|91k||Memorial plaque at Independence Seaport Museum, Philadelphia PA, July 2006 for the crews of United States submarines lost during peace time accidents:|
F-1 (SS-20), F-4 (SS-23), G-2 (SS-27), H-1 (SS-28), O-5 (SS-66), O-9 (SS-70), S-4 (SS-109), S-51 (SS-162), Squalus (SS-192), Scorpion (SSN-589) & Thresher (SSN-593).
|Photo courtesy of Wendell Royce McLaughlin Jr.|
|63k||Google Earth satellite photo of Bahía Magdalena (Magdalena Bay)where the H-1 (SS-28) was lost.||View courtesy of Ric Hedman.|
|76k||James Reid Webb, Lieutenant Commander (Commanding Officer) of the H-1 (SS-28) at the time of her loss.||Photo courtesy of the US Naval Academy Alumni Association via oneternalpatrol.com via Bill Gonyo.|
|31k||Commemorative photo in honor of the memory of the H-1 (SS-28). |
In the Second Book of Shmuel (Samuel), 22nd chapter, 5th through the 19th verses, translated from the original in Hebrew and published by the Koren Publishers of Jerusalem, Israel, 1982, can perhaps aptly describe the fate of the crew and all other U.S. submariners who died defending their county:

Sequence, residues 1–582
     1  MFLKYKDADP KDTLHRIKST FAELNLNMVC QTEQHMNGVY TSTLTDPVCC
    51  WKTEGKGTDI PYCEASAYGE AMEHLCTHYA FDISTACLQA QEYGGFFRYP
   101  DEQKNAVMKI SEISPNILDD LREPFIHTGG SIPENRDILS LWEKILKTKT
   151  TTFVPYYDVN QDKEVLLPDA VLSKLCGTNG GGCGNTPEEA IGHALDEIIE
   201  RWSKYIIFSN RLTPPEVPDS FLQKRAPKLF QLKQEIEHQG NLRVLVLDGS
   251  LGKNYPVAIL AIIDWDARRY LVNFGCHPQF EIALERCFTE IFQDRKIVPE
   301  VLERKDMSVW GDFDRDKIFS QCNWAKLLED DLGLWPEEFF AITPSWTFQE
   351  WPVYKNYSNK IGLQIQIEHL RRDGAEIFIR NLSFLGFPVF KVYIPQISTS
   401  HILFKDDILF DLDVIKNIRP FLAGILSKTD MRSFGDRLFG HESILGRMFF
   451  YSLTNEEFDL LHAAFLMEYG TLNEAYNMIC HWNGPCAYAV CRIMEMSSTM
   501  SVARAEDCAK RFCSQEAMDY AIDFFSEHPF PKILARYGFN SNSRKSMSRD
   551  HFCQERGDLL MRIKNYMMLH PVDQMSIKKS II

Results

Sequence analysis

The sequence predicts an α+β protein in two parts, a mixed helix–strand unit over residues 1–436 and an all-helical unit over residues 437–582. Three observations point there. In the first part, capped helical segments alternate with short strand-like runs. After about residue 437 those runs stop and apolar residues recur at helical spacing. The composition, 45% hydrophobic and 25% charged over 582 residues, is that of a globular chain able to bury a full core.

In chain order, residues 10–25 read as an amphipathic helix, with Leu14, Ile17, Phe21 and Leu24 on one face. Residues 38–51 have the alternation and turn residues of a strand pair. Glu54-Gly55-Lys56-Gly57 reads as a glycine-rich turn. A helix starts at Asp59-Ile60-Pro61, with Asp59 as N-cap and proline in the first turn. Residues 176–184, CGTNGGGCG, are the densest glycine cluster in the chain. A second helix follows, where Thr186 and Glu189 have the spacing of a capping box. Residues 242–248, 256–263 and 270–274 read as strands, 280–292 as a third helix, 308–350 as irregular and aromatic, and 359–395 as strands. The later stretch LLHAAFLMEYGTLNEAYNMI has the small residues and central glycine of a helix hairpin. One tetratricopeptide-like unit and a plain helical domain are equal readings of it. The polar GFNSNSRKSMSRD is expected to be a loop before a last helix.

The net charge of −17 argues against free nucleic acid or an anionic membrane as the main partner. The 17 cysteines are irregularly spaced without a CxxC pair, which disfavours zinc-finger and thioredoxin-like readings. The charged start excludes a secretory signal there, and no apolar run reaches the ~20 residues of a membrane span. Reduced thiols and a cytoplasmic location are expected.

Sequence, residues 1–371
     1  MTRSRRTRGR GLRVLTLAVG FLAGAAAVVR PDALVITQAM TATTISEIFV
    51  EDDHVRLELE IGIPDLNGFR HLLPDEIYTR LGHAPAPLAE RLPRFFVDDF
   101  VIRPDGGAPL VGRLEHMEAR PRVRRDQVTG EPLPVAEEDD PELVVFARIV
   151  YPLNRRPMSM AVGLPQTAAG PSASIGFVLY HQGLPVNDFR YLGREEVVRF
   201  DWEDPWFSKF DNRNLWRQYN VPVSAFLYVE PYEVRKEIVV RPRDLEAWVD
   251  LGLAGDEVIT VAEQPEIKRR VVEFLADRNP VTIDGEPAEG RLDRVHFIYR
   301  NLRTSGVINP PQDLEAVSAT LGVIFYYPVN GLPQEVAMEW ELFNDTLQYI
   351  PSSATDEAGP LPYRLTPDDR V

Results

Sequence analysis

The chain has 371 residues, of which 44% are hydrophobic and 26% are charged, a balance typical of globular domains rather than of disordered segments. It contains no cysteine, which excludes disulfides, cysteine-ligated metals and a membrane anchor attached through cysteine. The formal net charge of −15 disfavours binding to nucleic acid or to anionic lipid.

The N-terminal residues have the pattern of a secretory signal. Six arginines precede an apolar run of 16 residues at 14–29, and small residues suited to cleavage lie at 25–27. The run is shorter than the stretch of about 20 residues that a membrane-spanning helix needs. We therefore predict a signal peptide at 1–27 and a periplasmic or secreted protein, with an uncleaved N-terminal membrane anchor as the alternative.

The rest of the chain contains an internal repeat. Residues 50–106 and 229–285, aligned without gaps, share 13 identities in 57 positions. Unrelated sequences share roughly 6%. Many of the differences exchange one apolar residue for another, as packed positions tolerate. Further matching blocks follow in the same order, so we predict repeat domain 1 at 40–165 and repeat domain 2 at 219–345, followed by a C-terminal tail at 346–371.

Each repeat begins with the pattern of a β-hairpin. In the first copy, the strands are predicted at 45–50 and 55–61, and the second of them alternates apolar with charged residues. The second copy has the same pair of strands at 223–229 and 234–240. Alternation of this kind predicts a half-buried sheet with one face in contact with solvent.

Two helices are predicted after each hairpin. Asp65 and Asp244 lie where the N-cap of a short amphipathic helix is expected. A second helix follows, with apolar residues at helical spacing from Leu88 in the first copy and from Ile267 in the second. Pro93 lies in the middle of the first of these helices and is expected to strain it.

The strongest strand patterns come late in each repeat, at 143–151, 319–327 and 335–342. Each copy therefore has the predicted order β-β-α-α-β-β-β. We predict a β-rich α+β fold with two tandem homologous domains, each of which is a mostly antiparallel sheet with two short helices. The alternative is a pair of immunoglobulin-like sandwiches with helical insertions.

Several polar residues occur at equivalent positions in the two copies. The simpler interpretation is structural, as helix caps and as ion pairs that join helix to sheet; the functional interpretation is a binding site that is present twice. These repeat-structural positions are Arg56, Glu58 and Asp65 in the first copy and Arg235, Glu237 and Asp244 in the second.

"When the waves of death compassed me / the floods of ungodly men made me afraid; / the bonds of She'ol encircled me; / the snares of death took me by surprise; / in my distress I called upon the Lord, / and cried to my G-D: / and he heard my voice out of his temple, / and my cry entered into his ears. / Then the earth shook and trembled; /the foundations of heaven moved / and shook because of his anger /...the heavy mass of waters, and thick clouds of the skies /... And the channels of the sea appeared, / the foundations of the world were laid bare, / at the rebuking of the Lord, at the blast at the breath of his nostrils. / He sent from above, he took me; / he drew me out of many waters; / he delivered me from my strong enemy, and from those who hated me; for they were too strong for me. / They surprised me in the day of my calamity: / but the Lord was my stay..."
|Photo courtesy of Tom Kermen. Dante's Prayer courtesy of Loreena McKennitt via quinlanroad.com.|